With the rapid development of China’s pharmaceutical market, the existing regulatory system can no longer meet the sector’s mechanical demands. On 5 November 2015, an MAH mechanism pilot programme was launched in ten provinces and cities (the Pilot Areas) and has now been extended until 5 November 2019. Scientific research personnel and pharmaceutical research and development institutions in the Pilot Areas can apply for an MAH qualification and thus obtain the required pharmaceutical marketing license and the drug approval number. An MAH is permitted to manufacture or sell pharmaceuticals, either on its own or through a manufacturer or distributor. An MAH also bears complete legal liability for pre-clinical research, clinical drug trials, production, distribution, and adverse drug reaction monitoring. According to data released by the State Council in October 2018, as of the end of September 2018, 1,118 applications to become an MAH were filed in the Pilot Area. Of these applications • 786 were made by pharmaceutical manufacturers, accounting for 70.3% of all applications. • 331 applications were made by pharmaceutical research and development institutions, accounting for 29.6% of all applications. • Only one application was made by a scientific researcher, accounting for 0.1% of all applications. The application was eventually withdrawn. 186 drug clinical trials have already been approved, and 122 test products have applied for approval for market listing.
MAH System Development and Outlook
Although the MAH system is still in the pilot stage, the Chinese authorities have already begun preparations to fully implement it at all levels in the legal system and the pharmaceutical administration system. This includes incorporating the MAH system into the Pharmaceutical Administration Law (Amended Draft), issued in November 2018, and the Pharmaceutical Registration Administration Law (Revised Draft), released for public comment in October 2017. The Chinese Government has already completed a draft of the Administrative Measures for Pharmaceutical Marketing Authorisation Holders.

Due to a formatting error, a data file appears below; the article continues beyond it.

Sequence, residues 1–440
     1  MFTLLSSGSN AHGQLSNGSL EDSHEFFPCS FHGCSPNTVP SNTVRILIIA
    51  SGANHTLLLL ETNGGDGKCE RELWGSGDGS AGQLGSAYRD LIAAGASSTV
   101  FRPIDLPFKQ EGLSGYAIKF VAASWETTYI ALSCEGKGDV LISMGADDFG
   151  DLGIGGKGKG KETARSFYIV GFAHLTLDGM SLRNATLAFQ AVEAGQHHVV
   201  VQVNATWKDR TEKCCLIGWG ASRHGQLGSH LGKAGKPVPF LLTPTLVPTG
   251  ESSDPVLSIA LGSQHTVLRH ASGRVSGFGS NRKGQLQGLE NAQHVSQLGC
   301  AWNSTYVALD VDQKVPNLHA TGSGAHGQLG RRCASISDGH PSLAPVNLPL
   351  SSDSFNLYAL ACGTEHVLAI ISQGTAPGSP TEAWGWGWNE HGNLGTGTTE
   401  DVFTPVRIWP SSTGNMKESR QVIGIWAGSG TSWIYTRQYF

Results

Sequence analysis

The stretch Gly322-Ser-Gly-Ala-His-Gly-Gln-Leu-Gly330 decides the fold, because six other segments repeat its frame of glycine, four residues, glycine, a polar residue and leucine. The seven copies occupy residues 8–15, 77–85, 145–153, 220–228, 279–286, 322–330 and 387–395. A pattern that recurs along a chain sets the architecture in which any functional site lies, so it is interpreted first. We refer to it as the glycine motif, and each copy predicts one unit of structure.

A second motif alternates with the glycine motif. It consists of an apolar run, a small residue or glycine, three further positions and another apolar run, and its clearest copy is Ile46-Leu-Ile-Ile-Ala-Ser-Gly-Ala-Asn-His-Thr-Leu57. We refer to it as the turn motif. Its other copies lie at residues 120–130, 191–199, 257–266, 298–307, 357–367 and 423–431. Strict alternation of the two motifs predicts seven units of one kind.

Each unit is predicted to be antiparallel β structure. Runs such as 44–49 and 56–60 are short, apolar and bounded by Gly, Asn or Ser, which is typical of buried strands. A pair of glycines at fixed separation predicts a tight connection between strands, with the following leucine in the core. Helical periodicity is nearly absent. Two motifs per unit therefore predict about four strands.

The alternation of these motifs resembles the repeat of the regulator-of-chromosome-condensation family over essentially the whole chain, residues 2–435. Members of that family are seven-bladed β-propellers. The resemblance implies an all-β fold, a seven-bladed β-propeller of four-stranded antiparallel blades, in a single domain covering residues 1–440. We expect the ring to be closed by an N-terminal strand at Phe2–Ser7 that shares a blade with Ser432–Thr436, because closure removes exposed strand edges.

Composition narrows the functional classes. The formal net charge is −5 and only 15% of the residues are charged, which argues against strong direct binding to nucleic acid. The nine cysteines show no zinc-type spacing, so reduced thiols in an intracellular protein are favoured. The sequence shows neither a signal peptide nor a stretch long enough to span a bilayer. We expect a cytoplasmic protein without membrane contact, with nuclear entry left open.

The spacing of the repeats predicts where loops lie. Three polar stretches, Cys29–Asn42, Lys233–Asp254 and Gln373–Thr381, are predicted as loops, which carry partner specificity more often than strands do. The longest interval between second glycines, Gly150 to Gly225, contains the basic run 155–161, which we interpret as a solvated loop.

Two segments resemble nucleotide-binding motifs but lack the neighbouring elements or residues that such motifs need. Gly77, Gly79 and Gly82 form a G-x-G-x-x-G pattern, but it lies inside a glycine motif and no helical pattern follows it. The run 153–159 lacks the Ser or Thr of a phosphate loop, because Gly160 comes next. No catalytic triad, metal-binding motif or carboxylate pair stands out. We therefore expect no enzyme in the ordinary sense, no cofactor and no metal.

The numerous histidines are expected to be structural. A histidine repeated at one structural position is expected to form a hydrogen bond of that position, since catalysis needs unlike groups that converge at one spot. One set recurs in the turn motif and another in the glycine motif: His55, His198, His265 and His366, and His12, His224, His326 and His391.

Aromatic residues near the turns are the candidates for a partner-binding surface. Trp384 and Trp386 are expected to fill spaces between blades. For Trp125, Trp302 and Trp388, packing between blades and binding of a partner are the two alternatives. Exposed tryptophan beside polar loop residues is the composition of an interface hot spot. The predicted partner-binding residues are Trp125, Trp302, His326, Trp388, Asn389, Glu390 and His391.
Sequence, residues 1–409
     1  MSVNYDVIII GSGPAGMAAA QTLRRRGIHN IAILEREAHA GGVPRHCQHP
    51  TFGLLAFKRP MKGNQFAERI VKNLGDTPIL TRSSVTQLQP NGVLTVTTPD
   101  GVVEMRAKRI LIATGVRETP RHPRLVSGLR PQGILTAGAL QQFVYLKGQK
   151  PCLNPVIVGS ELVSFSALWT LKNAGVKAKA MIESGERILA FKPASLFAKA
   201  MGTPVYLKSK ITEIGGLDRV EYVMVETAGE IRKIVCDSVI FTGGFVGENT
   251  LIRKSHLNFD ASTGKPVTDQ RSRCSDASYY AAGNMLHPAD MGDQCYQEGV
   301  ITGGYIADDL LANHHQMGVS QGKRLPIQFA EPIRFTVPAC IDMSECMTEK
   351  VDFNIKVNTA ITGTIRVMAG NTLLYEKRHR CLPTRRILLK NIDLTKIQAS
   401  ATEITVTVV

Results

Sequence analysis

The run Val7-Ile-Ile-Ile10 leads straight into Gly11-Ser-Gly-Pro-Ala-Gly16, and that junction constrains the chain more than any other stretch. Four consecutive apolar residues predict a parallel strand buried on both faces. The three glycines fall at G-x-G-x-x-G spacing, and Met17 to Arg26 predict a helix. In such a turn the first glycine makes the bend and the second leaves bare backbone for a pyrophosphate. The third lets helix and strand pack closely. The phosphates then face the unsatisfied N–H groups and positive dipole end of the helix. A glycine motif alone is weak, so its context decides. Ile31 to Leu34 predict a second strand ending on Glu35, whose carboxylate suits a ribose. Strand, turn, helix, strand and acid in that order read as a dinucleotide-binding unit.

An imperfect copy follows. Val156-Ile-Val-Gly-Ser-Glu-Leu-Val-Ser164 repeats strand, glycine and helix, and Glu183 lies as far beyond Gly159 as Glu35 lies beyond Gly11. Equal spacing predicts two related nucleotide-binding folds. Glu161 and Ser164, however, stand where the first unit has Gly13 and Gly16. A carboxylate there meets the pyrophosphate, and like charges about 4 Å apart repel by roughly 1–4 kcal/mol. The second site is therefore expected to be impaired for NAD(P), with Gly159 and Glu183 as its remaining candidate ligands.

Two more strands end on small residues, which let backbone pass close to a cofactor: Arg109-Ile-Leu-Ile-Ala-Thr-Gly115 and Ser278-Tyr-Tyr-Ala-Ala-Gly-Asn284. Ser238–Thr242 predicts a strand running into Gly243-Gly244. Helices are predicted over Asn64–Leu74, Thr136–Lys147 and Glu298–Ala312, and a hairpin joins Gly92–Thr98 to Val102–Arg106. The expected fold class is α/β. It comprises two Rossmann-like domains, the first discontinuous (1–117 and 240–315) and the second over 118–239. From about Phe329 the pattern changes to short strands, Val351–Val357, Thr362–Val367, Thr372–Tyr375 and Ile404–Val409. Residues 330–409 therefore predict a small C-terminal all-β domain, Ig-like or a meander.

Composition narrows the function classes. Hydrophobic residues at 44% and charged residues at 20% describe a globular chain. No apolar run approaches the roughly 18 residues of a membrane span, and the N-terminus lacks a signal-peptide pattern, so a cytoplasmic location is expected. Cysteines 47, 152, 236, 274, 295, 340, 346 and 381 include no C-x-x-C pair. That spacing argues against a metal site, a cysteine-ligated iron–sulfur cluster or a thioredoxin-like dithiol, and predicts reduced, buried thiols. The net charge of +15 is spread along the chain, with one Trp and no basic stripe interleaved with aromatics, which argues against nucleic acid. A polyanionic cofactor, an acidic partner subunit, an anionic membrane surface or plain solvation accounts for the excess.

“186 drug clinical trials have already been approved"
The government is also continuously issuing laws and regulations aimed at resolving problems encountered during the pilot programmes. For example, the National Medical Products Administration issued a public announcement in September 2018 to request implementation of the MAH report on adverse reactions. Once these problems are resolved, the complete implementation of the MAH system will be imminent. It is expected that this will greatly promote the development of the medical service outsourcing industry in the Chinese market. Companies such as contract research organisations (CRO), contract manufacturing organisations (CMO) and contract sales organisations (CSO) will benefit greatly.